APS Seminar

Event Details
  • Date/Time:
    • Wednesday April 4, 2012
      7:00 pm - 8:00 pm
  • Location: ISyE Executive Classroom
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Contact

Dave Goldberg   dgoldberg9@isye.gatech.edu

Summaries

Summary Sentence: APS Seminar

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TITLE:  Gaussian Skewness Approximation for Dynamic Rate Multi-Server Queues

SPEAKER:  Jamol Pender, Ph.D. Candidate in ORFE at Princeton

ABSTRACT:

Large scale systems such as customer contact centers, like telephone call centers, as well as healthcare centers, like hospitals, have customer inflow-outflow dynamics with many common features. The customer arrival patterns may have time of day or seasonal effects. Moreover, customer population sizes tend to be large where the individual actions are intrinsic and independent of other customer actions and there are multiple service agents, so many customers have access to services in parallel. Finally, arriving customers engaging in service may be delayed if all the available agents are busy. Moreover, these waiting customers may decide to leave the systems if they feel that their delay in receiving service is excessively long.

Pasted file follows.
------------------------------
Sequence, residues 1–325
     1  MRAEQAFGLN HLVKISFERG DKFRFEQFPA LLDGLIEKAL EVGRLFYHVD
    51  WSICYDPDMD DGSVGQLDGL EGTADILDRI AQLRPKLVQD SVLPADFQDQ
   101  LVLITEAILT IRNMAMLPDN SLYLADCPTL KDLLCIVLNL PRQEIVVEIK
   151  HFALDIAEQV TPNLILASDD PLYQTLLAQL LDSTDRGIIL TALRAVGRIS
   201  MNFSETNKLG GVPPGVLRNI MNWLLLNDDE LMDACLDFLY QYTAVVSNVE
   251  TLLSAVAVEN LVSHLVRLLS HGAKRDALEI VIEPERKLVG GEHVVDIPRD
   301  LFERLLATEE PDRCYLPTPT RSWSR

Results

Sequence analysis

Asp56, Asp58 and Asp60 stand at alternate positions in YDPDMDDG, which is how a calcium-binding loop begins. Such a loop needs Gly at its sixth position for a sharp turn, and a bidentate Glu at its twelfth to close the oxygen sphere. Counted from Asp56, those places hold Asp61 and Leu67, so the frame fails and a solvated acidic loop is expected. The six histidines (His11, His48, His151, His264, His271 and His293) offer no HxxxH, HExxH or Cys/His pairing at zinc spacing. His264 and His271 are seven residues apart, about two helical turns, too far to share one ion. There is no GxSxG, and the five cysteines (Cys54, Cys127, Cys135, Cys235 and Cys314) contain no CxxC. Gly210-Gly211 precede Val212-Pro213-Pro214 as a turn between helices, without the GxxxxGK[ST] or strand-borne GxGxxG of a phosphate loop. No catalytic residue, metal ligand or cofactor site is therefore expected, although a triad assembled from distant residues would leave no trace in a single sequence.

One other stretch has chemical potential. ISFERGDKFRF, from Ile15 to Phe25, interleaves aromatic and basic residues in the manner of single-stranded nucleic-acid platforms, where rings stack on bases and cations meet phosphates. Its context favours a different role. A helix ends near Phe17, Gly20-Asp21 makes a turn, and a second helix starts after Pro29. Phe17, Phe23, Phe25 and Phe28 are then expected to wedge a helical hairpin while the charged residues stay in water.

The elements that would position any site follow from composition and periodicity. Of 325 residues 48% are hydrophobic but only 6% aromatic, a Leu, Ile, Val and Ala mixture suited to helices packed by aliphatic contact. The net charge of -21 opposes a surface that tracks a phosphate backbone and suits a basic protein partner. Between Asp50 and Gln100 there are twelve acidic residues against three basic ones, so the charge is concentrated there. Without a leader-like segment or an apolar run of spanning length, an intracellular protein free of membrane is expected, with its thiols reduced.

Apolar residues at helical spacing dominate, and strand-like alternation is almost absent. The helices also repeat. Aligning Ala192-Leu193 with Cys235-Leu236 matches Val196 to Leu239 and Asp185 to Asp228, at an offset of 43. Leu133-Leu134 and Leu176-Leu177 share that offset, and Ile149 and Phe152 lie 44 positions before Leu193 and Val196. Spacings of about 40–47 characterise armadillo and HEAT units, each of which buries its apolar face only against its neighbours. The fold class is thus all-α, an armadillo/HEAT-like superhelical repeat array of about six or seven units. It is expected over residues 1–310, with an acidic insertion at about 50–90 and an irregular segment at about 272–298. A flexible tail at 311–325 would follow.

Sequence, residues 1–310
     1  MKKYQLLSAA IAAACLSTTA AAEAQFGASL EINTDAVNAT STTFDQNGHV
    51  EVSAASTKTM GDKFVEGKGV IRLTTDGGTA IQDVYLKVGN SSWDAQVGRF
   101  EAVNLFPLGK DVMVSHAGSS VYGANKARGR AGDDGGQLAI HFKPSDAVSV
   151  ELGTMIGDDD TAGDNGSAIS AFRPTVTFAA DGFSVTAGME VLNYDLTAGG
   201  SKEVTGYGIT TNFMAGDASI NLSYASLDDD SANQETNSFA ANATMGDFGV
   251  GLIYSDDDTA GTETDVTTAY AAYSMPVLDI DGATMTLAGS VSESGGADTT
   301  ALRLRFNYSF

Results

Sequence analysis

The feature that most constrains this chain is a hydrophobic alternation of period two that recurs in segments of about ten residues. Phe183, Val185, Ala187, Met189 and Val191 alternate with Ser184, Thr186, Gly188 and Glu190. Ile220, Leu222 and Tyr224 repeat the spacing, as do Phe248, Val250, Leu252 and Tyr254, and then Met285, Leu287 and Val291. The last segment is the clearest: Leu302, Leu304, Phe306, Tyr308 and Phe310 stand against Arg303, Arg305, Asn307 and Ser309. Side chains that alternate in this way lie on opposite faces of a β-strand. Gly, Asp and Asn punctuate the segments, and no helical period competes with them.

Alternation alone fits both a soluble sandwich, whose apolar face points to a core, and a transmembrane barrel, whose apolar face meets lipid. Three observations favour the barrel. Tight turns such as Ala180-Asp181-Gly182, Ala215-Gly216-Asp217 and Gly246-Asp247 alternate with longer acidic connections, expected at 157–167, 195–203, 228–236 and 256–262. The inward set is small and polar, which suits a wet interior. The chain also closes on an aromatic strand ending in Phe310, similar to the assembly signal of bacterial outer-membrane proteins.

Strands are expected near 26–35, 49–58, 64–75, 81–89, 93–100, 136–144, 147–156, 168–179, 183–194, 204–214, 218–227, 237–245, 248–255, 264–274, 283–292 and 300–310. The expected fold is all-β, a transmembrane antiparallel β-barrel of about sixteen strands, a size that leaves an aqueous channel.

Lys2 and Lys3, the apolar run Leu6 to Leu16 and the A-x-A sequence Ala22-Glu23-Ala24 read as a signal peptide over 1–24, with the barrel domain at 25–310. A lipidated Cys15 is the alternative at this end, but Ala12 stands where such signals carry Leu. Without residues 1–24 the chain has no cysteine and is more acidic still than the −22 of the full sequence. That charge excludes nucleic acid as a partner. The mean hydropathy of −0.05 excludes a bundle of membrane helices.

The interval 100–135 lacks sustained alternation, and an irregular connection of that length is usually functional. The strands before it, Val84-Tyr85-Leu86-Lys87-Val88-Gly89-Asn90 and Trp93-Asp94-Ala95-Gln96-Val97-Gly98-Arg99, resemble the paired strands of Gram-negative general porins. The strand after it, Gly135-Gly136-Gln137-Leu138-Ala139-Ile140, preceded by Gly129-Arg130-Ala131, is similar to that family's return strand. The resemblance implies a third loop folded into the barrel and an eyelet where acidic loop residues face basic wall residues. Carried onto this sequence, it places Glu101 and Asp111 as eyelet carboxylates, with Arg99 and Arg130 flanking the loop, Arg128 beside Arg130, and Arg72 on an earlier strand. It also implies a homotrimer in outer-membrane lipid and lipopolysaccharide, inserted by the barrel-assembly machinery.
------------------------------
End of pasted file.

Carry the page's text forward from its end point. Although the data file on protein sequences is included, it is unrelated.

A fundamental Markov process, with dynamic rates, queueing model for large service systems is a multiserver queue with non-homogeneous Poisson arrivals as well as service and customer abandonment times that are exponentially distributed. An asymptotic scaling for these queues leads to both functional strong law of large numbers and central limit theorems. The first yields a dynamical system that we call a fluid model. The second scaled limit yields a diffusion process model that is Gaussian under conditions involving the fluid model not lingering too closely to the number of servers. Finally, the fluid model coupled with the mean and covariance of the Gaussian model is also a dynamical system. These results are a special case of a general asymptotic theory for Markovian service networks as derived in the seminal work of Mandelbaum, Massey, and Reiman [1998].

In practice, these results yield useful Gaussian approximations to the transient queue length distribution. However, these estimates tend not to work as well when the lingering effect is significant. We can improve these methods by introducing a new technique that is called the Gaussian-skewness approximation (GSA). It is the special case of a general Hermite polynomial expansion for a Gaussian random variable. We then obtain dynamical systems that approximate the mean, variance and higher cumulant moments of the queueing process for a more accurate, non-Gaussian estimation.

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H. Milton Stewart School of Industrial and Systems Engineering (ISYE)

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Status
  • Created By: Anita Race
  • Workflow Status: Published
  • Created On: Apr 3, 2012 - 7:10am
  • Last Updated: Oct 7, 2016 - 9:58pm